49

n=(clist *)malloc(sizeof(clist)); n->data=x; n->next = start; start=n; } else { n1 = find(start, key); if(n1 == NULL) printf("\n key is not found\n"); else { n=(clist*)malloc(sizeof(clist)); n->data=x; n->next=n1->next; n1->next=n; } } return(start); } /*definition of find function */ clist * find(clist *start, int key) { if(start->next->data == key) return(start); if(start->next->next == NULL) return(NULL); else find(start->next, key); } void main() { void create_clist(clist *); int count(clist *); void traverse(clist *); head=(clist *)malloc(sizeof(clist)); s=head; create_clist(head); printf(" \n traversing the created clist and the starting address is %u \n", head); traverse(head); printf("\n number of elements in the clist %d \n", count(head)); head=insert_clist(head); printf("\n traversing the clist after insert_clist and starting address is %u \n",head); traverse(head); } void create_clist(clist *start) { printf("inputthe element -1111 for coming oout of the loop\n"); scanf("%d", &start->data); if(start->data == -1111) start->next=s; else { start->next=(clist*)malloc(sizeof(clist)); create_clist(start->next);

50

} } void traverse(clist *start) { if(start->next!=s) { printf("data is %d \t next element address is %u\n", start->data, start>next); traverse(start->next); } if(start->next == s) printf("data is %d \t next element address is %u\n",start->data, start>next); } int count(clist *start) { if(start->next == s) return 0; else return(1+count(start->next)); } Program 3.9 Insertion of a node into a Circular Linked List Figure 3.9 depicts a Circular linked list from which an element was deleted. ALGORITHM (Deletion of an element from a Circular Linked List) Step 1 Begin Step 2 if the list is empty, then element cannot be deleted. Step 3 else, if element to be deleted is first node, then make the start (head) to point to the second element. Step 4 else, delete the element from the list by calling find function and returning the found address of the element. Step 5 End.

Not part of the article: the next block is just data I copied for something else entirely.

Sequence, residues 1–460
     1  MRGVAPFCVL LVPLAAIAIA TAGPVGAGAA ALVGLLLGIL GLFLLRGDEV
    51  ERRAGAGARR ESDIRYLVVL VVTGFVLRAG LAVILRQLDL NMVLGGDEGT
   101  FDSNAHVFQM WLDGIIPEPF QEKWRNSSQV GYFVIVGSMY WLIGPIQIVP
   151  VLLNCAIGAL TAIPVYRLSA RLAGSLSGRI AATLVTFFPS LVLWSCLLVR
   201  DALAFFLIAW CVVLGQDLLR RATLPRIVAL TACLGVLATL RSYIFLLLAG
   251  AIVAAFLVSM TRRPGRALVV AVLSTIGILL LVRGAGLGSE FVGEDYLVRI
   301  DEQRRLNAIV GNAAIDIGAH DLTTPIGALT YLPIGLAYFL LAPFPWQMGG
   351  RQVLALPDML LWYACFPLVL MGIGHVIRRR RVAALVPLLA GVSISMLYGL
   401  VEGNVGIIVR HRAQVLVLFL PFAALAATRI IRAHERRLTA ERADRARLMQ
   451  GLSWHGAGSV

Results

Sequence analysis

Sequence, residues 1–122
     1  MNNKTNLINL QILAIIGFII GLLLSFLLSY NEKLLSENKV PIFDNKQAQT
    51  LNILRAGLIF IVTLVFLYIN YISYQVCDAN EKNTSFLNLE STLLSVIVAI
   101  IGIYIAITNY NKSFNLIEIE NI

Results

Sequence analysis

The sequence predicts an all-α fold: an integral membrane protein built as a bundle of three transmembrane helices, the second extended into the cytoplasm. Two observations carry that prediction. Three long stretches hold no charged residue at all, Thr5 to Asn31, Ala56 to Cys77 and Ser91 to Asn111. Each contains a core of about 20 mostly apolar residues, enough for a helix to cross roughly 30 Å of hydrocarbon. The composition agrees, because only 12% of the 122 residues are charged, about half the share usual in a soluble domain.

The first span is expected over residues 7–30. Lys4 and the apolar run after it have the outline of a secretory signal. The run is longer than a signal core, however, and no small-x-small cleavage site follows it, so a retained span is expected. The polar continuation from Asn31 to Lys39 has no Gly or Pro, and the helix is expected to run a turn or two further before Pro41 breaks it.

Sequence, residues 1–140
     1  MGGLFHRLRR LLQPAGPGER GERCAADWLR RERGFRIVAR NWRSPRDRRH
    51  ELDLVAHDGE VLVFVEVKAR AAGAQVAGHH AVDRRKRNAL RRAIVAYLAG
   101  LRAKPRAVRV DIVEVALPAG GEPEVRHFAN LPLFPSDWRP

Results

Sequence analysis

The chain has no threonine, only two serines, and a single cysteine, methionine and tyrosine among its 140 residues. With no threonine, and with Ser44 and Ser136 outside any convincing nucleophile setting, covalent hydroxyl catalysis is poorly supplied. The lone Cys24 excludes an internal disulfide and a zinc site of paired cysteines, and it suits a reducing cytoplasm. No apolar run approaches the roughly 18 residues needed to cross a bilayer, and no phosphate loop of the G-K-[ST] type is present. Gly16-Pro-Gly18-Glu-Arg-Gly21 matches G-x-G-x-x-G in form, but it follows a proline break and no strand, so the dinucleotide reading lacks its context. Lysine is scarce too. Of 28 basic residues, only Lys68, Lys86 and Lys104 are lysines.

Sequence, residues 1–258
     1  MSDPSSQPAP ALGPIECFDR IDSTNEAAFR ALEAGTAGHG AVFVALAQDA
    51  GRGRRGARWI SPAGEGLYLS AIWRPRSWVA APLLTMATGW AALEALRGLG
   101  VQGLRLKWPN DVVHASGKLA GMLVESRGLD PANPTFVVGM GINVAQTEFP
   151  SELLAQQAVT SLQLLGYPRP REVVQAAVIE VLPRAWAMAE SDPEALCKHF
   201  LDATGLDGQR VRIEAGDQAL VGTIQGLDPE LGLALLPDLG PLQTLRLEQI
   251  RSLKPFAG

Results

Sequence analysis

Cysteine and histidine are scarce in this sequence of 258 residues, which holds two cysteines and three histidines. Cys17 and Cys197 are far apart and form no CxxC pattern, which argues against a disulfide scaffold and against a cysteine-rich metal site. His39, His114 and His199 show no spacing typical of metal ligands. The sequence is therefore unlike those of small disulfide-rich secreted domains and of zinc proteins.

Lists

next

Figure 3.9 A Circular Linked List from which an element was deleted (Dotted line shows the linked that existed prior to deletion)

Program 3.10 depicts the code for the deletion of an element from the Circular linked list. #include<stdio.h> #include<stdlib.h> #define NULL 0 struct linked_list { int data; struct linked_list *next; };

51

typedef struct linked_list clist; clist *head, *s; /* prototype of find and delete_function*/ clist * delete_clist(clist *); clist * find(clist *, int); /*definition of delete_clist */ clist *delete_clist(clist *start) { int key; clist * f, * temp; printf("\n enter the value of element to be deleted \n"); scanf("%d", &key); if(start->data == key) { temp=start->next; free(start); start=temp; } else { f = find(start,key); if(f==NULL) printf("\n key not fund"); else { temp = f->next->next; free(f->next); f->next=temp; } } return(start); } /*definition of find function */ clist * find(clist *start, int key) { if(start->next->data == key) return(start); if(start->next->next == NULL) return(NULL); else find(start->next, key); } void main() { void create_clist(clist *); int count(clist *); void traverse(clist *); head=(clist *)malloc(sizeof(clist)); s=head; create_clist(head); printf(" \n traversing the created clist and the starting address is %u \n", head); traverse(head); printf("\n number of elements in the clist %d \n", count(head)); head=delete_clist(head);

52